Gasoline prices continue to escalate after reaching their highest level since 2008, largely due to ongoing protests in oil-rich Libya. The average price per gallon in the United States rose nearly 28 cents in 10 days, CNN Money reported.
Since the uprising began on February 15, Dow Jones newswires reported that prices gained more than 23 percent. In 2010, Libya exported two million barrels each day. Now, the “International Energy Agency has said as much as 1 million barrels of oil per day have been removed from the market due to the crisis, and oil market participants are fearful that the violence could spread to other oil-producing nations” (ibid.).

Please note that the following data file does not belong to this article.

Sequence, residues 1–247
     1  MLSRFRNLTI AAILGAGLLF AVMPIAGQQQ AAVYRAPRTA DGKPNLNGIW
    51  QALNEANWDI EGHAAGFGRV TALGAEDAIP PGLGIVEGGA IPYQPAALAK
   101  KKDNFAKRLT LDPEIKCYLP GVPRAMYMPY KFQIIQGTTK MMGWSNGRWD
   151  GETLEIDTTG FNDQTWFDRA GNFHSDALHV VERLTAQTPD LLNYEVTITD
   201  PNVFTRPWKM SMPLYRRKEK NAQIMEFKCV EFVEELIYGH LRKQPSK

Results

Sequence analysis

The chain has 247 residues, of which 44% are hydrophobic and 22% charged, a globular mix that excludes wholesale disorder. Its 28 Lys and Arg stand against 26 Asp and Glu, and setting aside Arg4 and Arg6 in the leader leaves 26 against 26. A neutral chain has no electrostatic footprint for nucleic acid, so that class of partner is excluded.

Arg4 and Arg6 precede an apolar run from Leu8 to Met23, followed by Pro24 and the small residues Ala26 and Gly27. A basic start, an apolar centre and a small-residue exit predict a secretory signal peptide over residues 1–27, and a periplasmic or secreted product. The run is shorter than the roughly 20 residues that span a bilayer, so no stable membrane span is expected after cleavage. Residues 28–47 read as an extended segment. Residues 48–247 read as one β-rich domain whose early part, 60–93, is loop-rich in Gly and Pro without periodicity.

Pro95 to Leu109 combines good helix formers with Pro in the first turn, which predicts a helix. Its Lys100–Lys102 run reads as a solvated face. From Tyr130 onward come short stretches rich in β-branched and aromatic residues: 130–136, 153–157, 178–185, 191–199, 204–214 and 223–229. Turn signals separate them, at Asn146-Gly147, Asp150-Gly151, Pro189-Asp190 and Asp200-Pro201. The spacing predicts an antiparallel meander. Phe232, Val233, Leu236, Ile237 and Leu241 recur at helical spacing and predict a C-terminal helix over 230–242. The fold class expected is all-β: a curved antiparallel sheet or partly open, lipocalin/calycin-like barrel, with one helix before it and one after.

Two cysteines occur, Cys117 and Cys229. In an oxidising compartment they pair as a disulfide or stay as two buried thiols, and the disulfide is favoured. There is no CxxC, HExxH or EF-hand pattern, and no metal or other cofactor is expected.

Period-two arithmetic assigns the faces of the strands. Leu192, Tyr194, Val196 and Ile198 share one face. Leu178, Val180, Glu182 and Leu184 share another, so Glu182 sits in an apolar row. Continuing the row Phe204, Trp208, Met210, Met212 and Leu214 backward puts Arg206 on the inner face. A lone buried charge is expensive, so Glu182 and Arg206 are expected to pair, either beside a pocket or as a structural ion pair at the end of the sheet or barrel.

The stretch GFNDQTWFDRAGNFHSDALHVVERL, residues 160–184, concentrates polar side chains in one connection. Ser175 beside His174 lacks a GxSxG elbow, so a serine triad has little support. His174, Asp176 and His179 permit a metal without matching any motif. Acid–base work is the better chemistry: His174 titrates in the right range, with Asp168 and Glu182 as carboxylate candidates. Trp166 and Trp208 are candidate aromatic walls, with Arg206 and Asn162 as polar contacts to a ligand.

The conflict has pushed prices to a 29-month high, and the U.S. Department of Energy warned that the higher prices will directly affect consumers: “The average American household will spend about $700 more for gasoline in 2011 than it spent last year...” (Reuters).
Experts predict the fuel-price crisis will worsen as riots continue in Libya and other oil-rich nations in the Middle East.